Researchers have discovered a link between the amount of blood flowing through the liver of the unborn baby in late pregnancy and the diet of expectant mums. In slim mothers and those who eat an unbalanced diet the amount of blood flowing to the liver is increased. While this ‘liver-sparing’ pattern of blood flow is thought to protect the foetus from a nutrient deficit, the researchers believe it may also affect liver function in later life, increasing the risk of adult heart disease and diabetes in the offspring.
To determine how a mother’s diet and slimness might have long-term effects on the health of her baby, researchers from the Universities of Southampton, Bergen and Oslo used ultrasound to measure blood flow to the liver of the developing baby late in pregnancy. The researchers studied a group of 381 healthy babies whose mothers are part of a large project studying nutrition before and during pregnancy.
Their findings, published this month in the American journal Circulation Research, suggest that the babies of slimmer mothers with lower body fat stores and those eating an unbalanced diet have greater liver blood flow and divert less blood away from the liver in late pregnancy. This change in blood flow may cause subtle changes in the development of the liver and alter the baby’s ability to cope with a high-fat “Western” diet in later life, thereby predisposing to adult heart disease and diabetes. The research suggests that improving a mother’s nutrition before she conceives could have lifelong benefits for the health of her baby.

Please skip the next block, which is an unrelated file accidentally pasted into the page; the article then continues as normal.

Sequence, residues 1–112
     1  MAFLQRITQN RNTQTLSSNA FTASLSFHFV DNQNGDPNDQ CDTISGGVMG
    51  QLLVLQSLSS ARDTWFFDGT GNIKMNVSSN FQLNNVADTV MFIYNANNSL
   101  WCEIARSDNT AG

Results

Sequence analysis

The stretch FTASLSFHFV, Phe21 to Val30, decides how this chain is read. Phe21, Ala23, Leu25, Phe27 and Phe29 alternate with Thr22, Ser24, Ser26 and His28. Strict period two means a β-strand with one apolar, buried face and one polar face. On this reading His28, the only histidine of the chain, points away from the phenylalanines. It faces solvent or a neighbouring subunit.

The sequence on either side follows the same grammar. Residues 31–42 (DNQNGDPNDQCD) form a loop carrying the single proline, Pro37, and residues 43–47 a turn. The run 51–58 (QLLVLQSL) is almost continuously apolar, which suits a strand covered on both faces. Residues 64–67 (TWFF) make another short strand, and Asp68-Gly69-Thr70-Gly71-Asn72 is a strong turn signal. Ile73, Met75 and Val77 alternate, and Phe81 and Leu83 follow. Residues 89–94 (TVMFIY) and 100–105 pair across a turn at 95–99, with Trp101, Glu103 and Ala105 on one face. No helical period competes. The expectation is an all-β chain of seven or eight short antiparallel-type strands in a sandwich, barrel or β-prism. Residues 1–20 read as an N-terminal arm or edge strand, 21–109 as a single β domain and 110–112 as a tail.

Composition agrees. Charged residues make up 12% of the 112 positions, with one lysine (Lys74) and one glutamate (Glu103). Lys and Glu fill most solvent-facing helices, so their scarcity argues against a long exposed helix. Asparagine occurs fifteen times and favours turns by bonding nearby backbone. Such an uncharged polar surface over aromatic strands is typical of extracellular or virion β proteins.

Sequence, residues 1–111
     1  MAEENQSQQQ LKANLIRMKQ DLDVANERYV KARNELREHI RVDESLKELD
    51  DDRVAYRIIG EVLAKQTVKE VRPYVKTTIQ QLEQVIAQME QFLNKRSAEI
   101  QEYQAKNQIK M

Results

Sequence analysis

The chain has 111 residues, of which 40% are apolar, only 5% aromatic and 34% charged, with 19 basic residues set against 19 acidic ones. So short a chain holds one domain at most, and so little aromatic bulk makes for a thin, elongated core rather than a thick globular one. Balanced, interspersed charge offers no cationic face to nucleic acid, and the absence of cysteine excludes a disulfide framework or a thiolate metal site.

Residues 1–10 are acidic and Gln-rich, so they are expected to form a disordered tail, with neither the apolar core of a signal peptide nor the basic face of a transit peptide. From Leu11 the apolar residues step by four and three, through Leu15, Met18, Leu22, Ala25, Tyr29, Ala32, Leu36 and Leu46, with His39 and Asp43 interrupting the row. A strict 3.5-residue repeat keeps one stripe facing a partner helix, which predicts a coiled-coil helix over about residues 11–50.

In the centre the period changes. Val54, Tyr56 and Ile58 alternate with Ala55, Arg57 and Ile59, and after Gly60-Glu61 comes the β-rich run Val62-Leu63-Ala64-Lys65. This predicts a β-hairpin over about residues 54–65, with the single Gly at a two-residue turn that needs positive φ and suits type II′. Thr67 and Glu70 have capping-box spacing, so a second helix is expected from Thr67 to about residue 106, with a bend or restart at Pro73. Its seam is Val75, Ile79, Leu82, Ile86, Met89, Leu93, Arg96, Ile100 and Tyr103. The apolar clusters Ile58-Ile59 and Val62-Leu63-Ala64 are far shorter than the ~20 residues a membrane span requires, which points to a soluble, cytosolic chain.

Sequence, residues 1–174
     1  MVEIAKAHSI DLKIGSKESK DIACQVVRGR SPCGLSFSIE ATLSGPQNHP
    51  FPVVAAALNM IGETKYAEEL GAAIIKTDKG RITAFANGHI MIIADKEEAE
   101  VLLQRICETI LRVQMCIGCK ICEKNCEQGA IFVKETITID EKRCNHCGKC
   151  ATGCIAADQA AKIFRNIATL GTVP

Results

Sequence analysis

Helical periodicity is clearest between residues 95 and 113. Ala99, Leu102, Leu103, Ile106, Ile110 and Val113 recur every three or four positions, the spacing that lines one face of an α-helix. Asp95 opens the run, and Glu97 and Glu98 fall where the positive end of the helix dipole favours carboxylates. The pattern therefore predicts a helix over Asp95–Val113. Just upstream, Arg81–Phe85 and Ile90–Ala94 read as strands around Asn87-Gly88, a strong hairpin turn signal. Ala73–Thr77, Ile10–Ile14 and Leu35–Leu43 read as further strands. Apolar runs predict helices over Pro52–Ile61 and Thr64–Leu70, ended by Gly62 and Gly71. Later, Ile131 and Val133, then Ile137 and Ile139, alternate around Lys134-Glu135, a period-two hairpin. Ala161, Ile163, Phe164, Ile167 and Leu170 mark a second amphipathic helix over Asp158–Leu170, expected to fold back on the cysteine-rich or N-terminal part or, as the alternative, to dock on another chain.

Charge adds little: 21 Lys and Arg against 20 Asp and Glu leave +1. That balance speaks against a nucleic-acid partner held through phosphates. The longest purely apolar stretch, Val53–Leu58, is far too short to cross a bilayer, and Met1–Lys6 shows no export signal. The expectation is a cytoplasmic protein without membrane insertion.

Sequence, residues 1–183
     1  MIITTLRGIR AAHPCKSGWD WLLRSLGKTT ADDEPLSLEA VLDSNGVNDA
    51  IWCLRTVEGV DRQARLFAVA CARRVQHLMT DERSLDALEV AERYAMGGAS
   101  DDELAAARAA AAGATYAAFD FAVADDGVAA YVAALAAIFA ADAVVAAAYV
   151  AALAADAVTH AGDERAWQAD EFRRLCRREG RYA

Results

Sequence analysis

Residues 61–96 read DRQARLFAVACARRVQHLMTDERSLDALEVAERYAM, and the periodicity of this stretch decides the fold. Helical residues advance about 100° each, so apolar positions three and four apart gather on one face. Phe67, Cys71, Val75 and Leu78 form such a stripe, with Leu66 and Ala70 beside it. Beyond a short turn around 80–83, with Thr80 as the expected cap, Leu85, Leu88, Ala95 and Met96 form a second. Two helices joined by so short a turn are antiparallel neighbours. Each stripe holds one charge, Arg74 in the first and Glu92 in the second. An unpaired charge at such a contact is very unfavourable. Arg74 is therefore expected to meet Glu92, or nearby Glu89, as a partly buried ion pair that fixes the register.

Sarah Watts | alfa
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